This allows altering the commits as they are moved to the new branch. This is more powerful than automated rebase, as it offers complete control over the branch’s commit history. Typically this is used to clean up a messy history before merging a feature branch into master.
$ git checkout feature $ git rebase -i master
This will open the editor by listing all the commits that are about to be moved.
pick 22d6d7c Commit message#1 pick 44e8a9b Commit message#2 pick 79f1d2h Commit message#3
This defines exactly what the branch will look like after the rebase is performed. By re-ordering the entities, you can make the history look like whatever you want. For example, you can use commands like
edit etc, in place of
Which one to use
So what’s best? What do the experts recommend?
It’s hard to generalize and decide on one or the other, since every team is different. But we have to start somewhere.
Teams need to consider several questions when setting their Git rebase vs. merge policies. Because as it turns out, one workflow strategy is not better than the other. It is dependent on your team.
Consider the level of rebasing and Git competence across your organization. Determine the degree to which you value the simplicity of rebasing as compared to the traceability and history of merging.
Finally, decisions on merging and rebasing should be considered in the context of a clear branching strategy (Refer this article to understand more about branching strategy). A successful branching strategy is designed around the organization of your teams.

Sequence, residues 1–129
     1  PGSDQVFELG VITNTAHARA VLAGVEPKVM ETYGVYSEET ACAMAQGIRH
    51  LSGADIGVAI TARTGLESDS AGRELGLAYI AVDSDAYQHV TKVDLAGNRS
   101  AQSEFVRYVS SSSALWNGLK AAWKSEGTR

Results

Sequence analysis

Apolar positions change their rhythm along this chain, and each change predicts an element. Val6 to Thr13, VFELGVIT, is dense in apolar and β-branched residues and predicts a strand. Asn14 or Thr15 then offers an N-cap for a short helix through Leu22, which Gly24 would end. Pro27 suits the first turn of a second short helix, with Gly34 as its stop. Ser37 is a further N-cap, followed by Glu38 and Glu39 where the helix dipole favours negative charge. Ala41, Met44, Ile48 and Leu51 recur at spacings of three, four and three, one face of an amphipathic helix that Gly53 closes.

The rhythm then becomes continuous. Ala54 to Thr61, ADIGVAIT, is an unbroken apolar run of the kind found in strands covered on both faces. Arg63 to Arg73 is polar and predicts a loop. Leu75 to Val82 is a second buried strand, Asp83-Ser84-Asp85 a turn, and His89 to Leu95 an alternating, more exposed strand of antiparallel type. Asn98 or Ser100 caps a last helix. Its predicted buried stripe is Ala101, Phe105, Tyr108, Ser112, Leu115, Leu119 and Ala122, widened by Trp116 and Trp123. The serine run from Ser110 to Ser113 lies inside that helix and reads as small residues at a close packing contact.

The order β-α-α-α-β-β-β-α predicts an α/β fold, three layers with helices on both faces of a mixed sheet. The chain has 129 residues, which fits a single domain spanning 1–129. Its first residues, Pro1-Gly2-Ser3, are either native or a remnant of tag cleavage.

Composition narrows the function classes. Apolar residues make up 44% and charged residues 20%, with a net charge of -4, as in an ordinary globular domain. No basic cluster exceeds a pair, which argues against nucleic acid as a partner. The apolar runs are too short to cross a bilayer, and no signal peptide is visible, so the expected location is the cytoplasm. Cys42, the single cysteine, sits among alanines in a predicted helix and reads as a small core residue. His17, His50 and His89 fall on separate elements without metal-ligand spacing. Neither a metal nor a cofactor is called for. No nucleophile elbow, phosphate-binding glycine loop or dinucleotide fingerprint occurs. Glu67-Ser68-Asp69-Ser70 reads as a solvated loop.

What do I recommend?
As the team grows, it will become hard to manage or trace development changes with an always merge policy. To have a clean and understandable commit history, using Rebase is reasonable and effective.
By considering the following circumstances and guidelines, you can get best out of Rebase:
- You’re developing locally: If you have not shared your work with anyone else. At this point, you should prefer rebasing over merging to keep your history tidy. If you’ve got your personal fork of the repository and that is not shared with other developers, you’re safe to rebase even after you’ve pushed to your branch.
- Your code is ready for review: You created a pull request. Others are reviewing your work and are potentially fetching it into their fork for local review. At this point, you should not rebase your work. You should create ‘rework’ commits and update your feature branch. This helps with traceability in the pull request and prevents the accidental history breakage.
- The review is done and ready to be integrated into the target branch. Congratulations! You’re about to delete your feature branch. Given that other developers won’t be fetch-merging in these changes from this point on, this is your chance to sanitize your history. At this point, you can rewrite history and fold the original commits and those pesky ‘pr rework’ and ‘merge’ commits into a small set of focused commits. Creating an explicit merge for these commits is optional, but has value. It records when the feature graduated to master.
I hope this explanation has given some insights on Git merge and Git rebase. Merge vs rebase strategy is always debatable. But perhaps this article will help dispel your doubts and allow you to adopt an approach that works for your team.
I’m looking forward to writing on Git workflows and concepts of Git. Do comment on the topics that you want me to write about next. Cheers!